Entering a building under construction just north of the Wood River Community YMCA in Ketchum, Ben Petzinger, area manager of Okland Construction, heads for the stairs to the third floor. Panels of compressed wood flakes surround Petzinger at every turn, making up the stairs, walls and floors of every level. They provide the canvas for carpeting, drywall and other finishing materials to come. At the top of the stairs, Petzinger approaches a panoramic, 3-by-7-foot opening in the wood chips where a window will eventually be nestled into place.
"People pay out the nose for views like this," says Petzinger while looking at Bald Mountain to the southwest.
However, this three-bedroom, three-floor apartment is part of an affordable-housing complex being built on Saddle Road. The complex will consist of five buildings—each three stories—providing 32 apartments for rent. Six of the units will be three bedrooms, 14 will be two bedrooms and 12 will be one bedroom. Monthly rates would be about $400, $800 and $1,070, but that varies depending on a renter's income.
Northwood Place is the brainchild of Ketchum's Community Development Corp., which hired Okland as the project's general contractor and Petzinger as project manager. The CDC is an entity born of the city, but is not part of the city. It's a private nonprofit organization whose main goal is to create economic sustainability in Ketchum. Many of the CDC's efforts have focused on retaining the working class through affordable housing, with Northwood Place being the first real triumph.
The city-owned land is being leased to the CDC for $890,000 for 65 years. Northwood's total costs are estimated at $9.4 million, of which $6 million is for the construction itself. The CDC received $8.8 million in federal tax credits toward the project in January 2009.
CDC board President Neil Bradshaw said "a lot" of people have already been inquiring about how to get on the list for a Northwood apartment, even though construction still has seven months to go. Bradshaw said there's no list as of yet, but when the selection process does start, potential renters will endure a "rigorous" process of the CDC's weighing their income and community membership. Bradshaw said exact criteria for selection have yet to be determined, as has pricing.
But demand is already high.
North-side units will provide their occupants clear views of the Boulder Mountains. And being affordable doesn't automatically mean the 33,400 square feet of interior space will be cheap looking or minimalist. Three-bedroom units will include garages. And all apartments will be supplied with washers and dryers as well as refrigerators, dishwashers and ranges. Each unit will have a patio.
Petzinger says the complex will also use geothermal technology for snowmelt on the walkways and driveways, meaning snow plowing won't be needed. And the geothermal system will also heat the common room in one of the buildings. Solar cells will be installed on each building's roof. And landscaping will be a mix of native vegetation and "hardscape," keeping irrigation to a minimum.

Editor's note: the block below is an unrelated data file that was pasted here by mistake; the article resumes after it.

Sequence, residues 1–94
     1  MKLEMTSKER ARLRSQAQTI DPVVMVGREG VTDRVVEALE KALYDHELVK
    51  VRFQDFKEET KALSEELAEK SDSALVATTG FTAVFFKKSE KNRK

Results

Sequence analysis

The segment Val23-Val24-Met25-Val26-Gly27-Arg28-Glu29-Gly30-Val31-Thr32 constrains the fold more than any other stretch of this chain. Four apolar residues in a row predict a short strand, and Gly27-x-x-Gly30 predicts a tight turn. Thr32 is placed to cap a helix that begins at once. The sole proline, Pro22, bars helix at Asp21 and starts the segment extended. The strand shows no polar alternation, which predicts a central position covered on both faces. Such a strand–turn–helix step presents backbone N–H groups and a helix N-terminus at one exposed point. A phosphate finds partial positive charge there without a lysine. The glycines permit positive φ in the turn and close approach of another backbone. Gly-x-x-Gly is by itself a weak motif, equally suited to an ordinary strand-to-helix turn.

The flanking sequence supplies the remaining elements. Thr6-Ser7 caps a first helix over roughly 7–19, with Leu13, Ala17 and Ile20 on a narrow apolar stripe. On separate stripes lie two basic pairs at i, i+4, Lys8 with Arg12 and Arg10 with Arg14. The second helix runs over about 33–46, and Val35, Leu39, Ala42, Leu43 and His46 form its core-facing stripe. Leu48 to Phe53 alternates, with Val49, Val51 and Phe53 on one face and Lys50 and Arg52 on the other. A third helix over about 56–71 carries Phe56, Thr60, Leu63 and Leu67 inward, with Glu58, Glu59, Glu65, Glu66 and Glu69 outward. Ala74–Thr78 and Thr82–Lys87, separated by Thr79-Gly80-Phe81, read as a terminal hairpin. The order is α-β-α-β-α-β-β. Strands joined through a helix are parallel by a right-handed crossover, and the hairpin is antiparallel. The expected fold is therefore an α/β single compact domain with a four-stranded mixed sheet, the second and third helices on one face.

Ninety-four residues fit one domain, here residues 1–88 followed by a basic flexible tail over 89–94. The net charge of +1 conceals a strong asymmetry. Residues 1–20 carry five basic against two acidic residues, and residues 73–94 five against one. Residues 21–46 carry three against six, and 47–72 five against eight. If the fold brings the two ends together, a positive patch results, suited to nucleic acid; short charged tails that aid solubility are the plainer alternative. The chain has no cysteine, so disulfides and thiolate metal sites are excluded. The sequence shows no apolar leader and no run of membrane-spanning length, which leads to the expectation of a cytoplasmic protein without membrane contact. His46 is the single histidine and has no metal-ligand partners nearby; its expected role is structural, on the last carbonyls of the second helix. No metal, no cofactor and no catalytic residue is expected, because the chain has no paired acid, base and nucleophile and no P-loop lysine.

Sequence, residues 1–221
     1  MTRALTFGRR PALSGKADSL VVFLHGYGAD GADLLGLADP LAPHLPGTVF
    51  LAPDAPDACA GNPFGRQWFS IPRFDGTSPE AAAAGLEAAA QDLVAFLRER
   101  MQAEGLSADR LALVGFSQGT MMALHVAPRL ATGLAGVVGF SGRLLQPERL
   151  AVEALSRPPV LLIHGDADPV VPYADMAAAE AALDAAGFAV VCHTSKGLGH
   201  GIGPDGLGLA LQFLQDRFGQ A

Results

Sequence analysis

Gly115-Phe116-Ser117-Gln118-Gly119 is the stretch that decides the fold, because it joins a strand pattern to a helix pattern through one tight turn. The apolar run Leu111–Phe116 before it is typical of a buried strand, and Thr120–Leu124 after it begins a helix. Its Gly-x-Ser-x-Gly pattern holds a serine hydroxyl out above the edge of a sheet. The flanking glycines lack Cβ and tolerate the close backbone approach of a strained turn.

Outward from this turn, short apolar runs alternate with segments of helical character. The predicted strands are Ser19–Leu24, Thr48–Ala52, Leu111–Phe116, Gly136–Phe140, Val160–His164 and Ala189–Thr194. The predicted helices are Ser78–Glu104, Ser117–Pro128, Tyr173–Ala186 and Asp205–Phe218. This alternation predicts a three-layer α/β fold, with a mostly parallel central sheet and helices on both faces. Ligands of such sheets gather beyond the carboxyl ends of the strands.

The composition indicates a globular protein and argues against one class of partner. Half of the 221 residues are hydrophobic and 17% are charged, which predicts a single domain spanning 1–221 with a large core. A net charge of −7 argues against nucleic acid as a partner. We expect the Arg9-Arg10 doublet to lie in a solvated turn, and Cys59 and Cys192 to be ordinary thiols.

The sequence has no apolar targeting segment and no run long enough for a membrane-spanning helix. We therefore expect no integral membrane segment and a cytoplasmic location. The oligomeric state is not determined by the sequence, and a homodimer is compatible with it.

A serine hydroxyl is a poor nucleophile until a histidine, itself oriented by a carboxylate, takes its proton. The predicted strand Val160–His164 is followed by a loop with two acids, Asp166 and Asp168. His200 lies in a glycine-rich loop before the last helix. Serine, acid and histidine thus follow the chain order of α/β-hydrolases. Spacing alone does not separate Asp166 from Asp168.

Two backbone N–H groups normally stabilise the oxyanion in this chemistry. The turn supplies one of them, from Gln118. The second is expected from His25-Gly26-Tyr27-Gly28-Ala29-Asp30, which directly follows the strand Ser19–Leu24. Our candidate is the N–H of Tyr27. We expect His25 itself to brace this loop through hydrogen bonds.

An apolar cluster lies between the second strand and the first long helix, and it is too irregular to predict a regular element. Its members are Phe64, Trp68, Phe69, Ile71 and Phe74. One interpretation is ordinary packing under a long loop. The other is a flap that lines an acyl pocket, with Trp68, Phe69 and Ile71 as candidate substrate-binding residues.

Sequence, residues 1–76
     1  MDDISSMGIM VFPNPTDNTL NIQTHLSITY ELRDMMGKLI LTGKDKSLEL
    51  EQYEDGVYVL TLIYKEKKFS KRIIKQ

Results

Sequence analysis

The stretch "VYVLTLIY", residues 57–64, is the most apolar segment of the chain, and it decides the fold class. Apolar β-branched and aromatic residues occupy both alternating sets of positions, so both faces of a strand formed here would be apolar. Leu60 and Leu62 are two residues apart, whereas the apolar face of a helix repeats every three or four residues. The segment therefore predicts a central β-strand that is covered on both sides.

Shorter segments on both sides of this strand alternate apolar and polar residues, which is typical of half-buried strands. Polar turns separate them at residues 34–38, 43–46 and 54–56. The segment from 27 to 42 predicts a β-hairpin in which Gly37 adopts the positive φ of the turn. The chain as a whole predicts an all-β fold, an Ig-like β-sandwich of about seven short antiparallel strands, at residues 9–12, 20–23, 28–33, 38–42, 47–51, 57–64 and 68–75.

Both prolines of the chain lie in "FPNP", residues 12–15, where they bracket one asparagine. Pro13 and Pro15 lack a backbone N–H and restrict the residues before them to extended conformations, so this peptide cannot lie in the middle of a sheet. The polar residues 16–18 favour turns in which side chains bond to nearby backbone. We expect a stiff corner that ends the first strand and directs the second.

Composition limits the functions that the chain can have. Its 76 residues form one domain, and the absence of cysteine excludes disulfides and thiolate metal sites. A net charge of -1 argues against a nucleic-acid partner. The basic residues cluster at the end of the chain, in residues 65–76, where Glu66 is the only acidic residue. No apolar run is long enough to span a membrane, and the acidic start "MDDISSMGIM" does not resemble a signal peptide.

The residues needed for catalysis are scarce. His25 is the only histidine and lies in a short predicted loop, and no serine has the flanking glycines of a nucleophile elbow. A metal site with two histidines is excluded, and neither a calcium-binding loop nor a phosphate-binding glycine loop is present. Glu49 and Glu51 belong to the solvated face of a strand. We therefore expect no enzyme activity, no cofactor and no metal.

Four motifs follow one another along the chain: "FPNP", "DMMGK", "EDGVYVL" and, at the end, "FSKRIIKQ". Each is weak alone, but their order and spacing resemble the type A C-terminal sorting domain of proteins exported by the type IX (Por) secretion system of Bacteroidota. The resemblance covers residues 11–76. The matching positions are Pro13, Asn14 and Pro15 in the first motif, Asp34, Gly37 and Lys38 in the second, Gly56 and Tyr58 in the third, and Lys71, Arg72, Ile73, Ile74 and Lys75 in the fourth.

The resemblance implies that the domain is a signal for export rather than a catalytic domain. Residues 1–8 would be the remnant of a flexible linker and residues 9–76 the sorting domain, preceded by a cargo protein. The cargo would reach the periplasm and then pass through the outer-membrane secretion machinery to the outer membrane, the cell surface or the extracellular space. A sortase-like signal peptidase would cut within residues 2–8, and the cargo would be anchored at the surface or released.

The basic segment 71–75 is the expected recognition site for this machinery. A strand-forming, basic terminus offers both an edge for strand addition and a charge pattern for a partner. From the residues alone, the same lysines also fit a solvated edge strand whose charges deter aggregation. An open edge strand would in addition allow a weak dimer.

But these eco-friendly details of geothermal, solar and native landscaping won't come until near the end of the project at Thanksgiving. Construction started just shy of the onset of winter in mid-November and, so far, everything is on schedule.
With little snow, this winter has been kind to the crew.
"If you get a bunch of snow, you're screwed," Petzinger says. " If you get a bunch of frost, you're screwed. We got a lot of frost."
Even then, frost hasn't been much of a problem. Petzinger says the crew was able to pour all five foundations and get all utilities in place before the frost hit. After that, not much digging has been needed, and foundations have been covered with giant frost tarps. On top of those are heavy-duty snow tarps.
"If it snows, we can lift the corners of the tarp with a crane and move the snow," Petzinger says.
Crews have had to contend with much more than simply cold weather. Northwood's tight job site of 0.84 acre has forced Petzinger to rely on an "assembly line" approach to construction. Buildings are all at different stages, with the furthest-along having been framed and covered with chipboard walls. Some just have foundations in place.
At any given time, Okland has about a dozen subcontractors on site adding to the skeletons of buildings, installing electrical wires, framing a building, pouring concrete or placing fire sprinklers.
"It's an orchestrated event of having subcontractors moving at all times," Petzinger says, "and keeping materials coming in."
He said 85 percent of the project's subs are from Blaine County.
"Go in the parking lot and look at the license plates," he says. "You'll see a lot of 5Bs."
However, one big piece of the project isn't local: the pre-made structural-insulated panels for the buildings. Petzinger says the panels are made out of state but put together by local contractors.
The panels are transported here on flatbed trailers, each panel given a letter and number. Buildings are then pieced together according to panel numberings.
"If you've ever played with Legos, those are Legos," Petzinger says while pointing to a stack of panels in the back of the lot.
He says the buildings are essentially done before they ever come to Ketchum, but are "taken apart and put back together here."
Bradshaw said an advantage to assembly-line construction is that two buildings should be finished and open for rent by September.
Trevon Milliard: firstname.lastname@example.org